1. Where do you propose that they keep those men?? Im quite sure if they are there its for a reason…not just to be cruel….If they are released what do you think is going to happen?? Im sure that they will go right back out and do the exact thing again that they are in there for… True it is ridiculous the amount of money that it costs to keep open but there are many other ways spending could be cut before we just simply close it down…. Maybe we could learn one lesson from third world countries….put a bullet in their head….would be so much easier and cheaper…but we are trying to do the right thing…. and we dont want to make a martyr out of them….I cant think of anywhere else that they would be safe…for their own safety and ours….If the majority of Americans could get to them especially the ones in the prisons what do you think would happen to them?? Trust me it would not be pretty.

    We are simply trying to do some good in other countries and our own…as well as ensure the safety of our citizens. We are trying to help others develop
    their own democracy and stop dictatorships……trying to ensure the safety of women and children around the world who have no rights at all and are literally killed for no reason.

    It is very sad the innocent bloodshed in other countries. We are trying to help those that need our help in other ways other than with our military. There are other countries that would literally starve to death if it werent for the loads of rice or grain or food that we send to them. Most people from our country have nothing but the best of intentions. Our missionaries have taught some countries how to grown gardens and given them seeds of hope. Some have actually gone and set up water wells for their villages saving them from death. We have helped many other countries in many many ways.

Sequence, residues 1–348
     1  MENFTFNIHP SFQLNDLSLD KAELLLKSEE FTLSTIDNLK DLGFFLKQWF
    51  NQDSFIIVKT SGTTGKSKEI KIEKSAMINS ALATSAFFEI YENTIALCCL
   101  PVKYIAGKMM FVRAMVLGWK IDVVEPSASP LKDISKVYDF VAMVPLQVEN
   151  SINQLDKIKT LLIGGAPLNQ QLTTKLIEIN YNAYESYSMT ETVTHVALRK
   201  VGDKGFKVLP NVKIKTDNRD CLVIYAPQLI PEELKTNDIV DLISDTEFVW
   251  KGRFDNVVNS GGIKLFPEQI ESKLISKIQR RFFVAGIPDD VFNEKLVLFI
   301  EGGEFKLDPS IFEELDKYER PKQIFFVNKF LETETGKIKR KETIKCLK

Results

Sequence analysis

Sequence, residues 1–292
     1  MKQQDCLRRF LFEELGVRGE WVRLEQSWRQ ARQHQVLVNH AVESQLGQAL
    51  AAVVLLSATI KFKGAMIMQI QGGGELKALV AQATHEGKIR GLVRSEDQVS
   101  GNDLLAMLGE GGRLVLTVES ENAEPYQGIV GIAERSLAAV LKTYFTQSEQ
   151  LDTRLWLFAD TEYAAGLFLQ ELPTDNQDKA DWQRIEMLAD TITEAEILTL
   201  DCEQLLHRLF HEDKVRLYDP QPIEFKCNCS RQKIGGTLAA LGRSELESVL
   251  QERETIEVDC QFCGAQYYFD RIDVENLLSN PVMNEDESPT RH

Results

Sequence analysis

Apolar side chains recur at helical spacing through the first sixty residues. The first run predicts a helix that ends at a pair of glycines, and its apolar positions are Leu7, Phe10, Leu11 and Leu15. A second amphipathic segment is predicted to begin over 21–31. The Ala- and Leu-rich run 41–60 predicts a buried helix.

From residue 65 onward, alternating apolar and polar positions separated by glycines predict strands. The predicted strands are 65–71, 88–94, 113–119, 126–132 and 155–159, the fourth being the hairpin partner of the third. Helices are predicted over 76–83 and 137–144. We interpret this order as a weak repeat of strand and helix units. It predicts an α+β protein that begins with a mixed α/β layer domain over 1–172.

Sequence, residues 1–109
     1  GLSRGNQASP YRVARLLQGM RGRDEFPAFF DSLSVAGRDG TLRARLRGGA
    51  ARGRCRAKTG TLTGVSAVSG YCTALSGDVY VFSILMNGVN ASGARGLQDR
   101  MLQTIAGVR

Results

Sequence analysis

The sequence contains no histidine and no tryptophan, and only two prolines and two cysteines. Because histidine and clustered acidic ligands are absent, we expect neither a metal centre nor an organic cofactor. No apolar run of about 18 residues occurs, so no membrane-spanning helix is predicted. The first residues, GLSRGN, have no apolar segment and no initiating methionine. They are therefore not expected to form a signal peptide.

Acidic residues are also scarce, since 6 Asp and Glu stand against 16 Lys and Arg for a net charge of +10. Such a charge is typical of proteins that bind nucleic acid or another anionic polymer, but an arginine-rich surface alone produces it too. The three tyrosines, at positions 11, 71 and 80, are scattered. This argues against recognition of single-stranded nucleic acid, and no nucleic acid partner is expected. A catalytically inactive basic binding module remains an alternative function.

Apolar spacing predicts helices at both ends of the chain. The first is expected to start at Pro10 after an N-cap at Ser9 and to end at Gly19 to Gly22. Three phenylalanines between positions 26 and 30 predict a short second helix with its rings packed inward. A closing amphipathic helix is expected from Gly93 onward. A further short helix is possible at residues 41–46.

If you ask me anyone who is not pleased with the way we do things in this Country is free to leave. There is much more madness in this world than you may find in our great Nation.

    • Thank you for taking the time to read and respond to my article. To answer your questions in the order that you raised them, as I mentioned in the article, there is a super-max prison in Illinois that is currently not being used. Let’s place the detainees there. If you’re worried about a detainee escaping, when was the last time you heard of a prisoner escaping from a maximum prison?

      We are spending nearly a million dollars a year per detainee to house these men in Gitmo, when the average cost of housing a prisoner in the U.S. is $30,000. Only 9 of the 166 detainees have been alleged to have ever committed a terrorist act. 86 of these men have been absolved of committing any terrorist act and have been deemed eligible for outright release or transfer back to their home country, 28 of which were ruled as such during George W. Bush’s presidency. In America, a person is innocent until proven guilty, yet these 86 men have been found guilty on nothing and have been locked up for as long as 11 years.